No doubt the market is skeptical, given the price action, class suits, etc. But Tim has a long history of getting it done and shareholders (institutions) will want to take the premium, so vote should be a yes. Consider: 1.Tim's in a "quiet period" and wouldn't talk anyway cuz he doesn't want the price going up - best defense on suits is "well if my offer is so undervalued, why is the stock at $9??" 2. A yes vote will see the price pop - then we await word on financing - Tim will get it done, or personally pay a break up fee. Motivation! 3. Will be some hangover on suits, but if shareholders approve, what argument do the ambulance chasing, gutter dwelling lawyers have that the offer is too low? 4. IF the vote is a no, it'd be because investors think the stock's worth more - so it should not tank. Let's remember it was trading in the $20's! 5. VQ doesn't have as many fracking issues as others. Their oil is also tied more to Brent than WTI.
This is the time to BUY LOW. Sep $12.50 calls are 10 cents! If the deal goes thru at $12.50, 10 calls at $100 will be worth $12,500! Good luck to all!
The problem isn’t the class action lawsuits or the shareholder vote. The lawsuits are standard and they either get thrown out or they reach a settlement in which the lawyers get paid and the shareholders get “additional disclosures.” The shareholder vote should be automatic. The problem is that the financing is still not in place and the market is only getting worse making it increasingly less likely that it will be secured.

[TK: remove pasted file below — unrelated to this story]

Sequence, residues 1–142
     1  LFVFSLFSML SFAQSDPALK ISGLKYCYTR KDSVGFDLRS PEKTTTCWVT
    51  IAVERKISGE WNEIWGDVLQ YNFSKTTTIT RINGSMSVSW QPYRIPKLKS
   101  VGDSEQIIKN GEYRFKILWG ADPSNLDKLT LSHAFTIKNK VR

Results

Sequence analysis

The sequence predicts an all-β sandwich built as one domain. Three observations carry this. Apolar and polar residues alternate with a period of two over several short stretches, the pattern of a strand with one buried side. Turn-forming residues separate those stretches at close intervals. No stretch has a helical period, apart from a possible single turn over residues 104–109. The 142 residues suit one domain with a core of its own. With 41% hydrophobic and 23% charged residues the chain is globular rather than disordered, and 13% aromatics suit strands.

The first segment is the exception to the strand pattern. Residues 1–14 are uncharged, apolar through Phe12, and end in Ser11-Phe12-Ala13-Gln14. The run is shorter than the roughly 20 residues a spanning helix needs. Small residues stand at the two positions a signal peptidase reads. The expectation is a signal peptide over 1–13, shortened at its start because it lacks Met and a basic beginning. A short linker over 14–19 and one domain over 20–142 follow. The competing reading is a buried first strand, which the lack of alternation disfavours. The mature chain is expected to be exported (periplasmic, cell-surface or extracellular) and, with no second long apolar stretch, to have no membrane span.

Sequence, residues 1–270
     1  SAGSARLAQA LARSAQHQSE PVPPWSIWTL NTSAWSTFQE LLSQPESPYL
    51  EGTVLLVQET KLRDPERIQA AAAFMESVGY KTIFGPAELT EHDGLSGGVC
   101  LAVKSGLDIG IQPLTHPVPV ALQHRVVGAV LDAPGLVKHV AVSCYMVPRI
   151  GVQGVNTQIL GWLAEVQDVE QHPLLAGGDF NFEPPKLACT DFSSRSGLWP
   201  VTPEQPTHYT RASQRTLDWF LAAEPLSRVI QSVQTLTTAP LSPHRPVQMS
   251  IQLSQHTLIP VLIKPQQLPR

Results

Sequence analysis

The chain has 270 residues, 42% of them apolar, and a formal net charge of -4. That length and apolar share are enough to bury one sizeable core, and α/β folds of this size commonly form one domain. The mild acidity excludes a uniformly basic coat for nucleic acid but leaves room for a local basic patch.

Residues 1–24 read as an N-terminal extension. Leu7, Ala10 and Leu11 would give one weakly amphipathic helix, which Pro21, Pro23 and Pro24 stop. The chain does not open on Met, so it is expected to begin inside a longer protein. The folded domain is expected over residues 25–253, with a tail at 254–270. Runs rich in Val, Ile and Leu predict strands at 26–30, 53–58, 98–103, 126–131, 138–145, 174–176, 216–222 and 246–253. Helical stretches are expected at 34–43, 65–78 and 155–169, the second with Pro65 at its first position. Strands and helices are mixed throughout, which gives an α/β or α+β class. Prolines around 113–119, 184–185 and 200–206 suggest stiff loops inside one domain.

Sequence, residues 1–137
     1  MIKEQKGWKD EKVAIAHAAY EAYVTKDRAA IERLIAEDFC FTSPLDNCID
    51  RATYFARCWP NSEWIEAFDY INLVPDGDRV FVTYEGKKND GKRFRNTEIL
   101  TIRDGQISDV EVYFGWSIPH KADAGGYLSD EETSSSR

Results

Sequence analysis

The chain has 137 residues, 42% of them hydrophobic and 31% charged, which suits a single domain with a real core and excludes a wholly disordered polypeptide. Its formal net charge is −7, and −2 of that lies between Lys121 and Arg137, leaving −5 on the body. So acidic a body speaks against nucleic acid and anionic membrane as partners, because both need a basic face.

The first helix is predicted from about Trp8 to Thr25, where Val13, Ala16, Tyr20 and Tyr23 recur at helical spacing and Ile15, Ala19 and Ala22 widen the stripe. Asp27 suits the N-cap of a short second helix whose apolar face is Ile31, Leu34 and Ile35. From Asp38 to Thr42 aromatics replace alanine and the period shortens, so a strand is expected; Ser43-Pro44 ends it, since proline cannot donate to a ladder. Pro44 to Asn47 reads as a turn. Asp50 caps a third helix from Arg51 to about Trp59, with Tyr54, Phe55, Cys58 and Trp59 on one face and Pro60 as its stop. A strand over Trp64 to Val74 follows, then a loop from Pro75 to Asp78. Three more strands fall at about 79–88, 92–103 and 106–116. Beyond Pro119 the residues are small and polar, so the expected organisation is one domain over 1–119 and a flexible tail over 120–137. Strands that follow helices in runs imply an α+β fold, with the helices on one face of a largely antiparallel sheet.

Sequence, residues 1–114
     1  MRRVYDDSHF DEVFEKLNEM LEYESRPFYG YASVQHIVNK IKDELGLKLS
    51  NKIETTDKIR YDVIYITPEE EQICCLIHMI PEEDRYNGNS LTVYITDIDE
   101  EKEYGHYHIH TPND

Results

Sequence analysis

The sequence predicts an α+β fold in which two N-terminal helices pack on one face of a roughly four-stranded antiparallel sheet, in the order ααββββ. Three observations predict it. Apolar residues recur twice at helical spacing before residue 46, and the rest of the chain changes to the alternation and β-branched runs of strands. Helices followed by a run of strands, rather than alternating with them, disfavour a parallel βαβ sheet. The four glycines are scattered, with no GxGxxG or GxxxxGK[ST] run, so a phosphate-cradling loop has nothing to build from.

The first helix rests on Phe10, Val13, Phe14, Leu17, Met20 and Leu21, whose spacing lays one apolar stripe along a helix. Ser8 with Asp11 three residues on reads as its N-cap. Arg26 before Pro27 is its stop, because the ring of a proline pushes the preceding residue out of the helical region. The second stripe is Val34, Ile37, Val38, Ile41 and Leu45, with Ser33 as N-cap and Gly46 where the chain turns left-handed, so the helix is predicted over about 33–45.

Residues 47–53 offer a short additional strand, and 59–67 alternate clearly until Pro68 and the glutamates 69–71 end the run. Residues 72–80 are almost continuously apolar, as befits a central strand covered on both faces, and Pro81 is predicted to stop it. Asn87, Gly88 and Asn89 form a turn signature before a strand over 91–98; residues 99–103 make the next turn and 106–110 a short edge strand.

Also, your $12.50 call options will be worth $0.00 if the buyout goes through, not $12,500. Buying the $12.50 calls is actually making a bet that the buyout won’t happen.
Yes, exactly. Anyone buying the $12.50 calls is a real riverboat gambler, since the only way to make money owning them is if the deal falls through and VQ's stock rises to above $12.60 by September (rather than tanking to about $7, which is likely if the deal falls through, which is a strong possibility). Of course, perhaps some other bidder could come along by September and offer more than $12.60 for the company, but that is a REAL long-shot.
The pricing of the September $10 calls, at the last trade price of $1.25, suggests that call buyers and sellers think that it's a 50-50 bet on the $12.50 buyout occurring. If it does, you make $1.25, if not, you lose the $1.25 you paid for the calls (ignoring commissions). Personally, I decided to hedge part of my position, by selling the September $10 calls at $1.80 back in early March, as I began to have more doubts about the buyout.
Place your bets, ladies and gentlemen, and buckle up.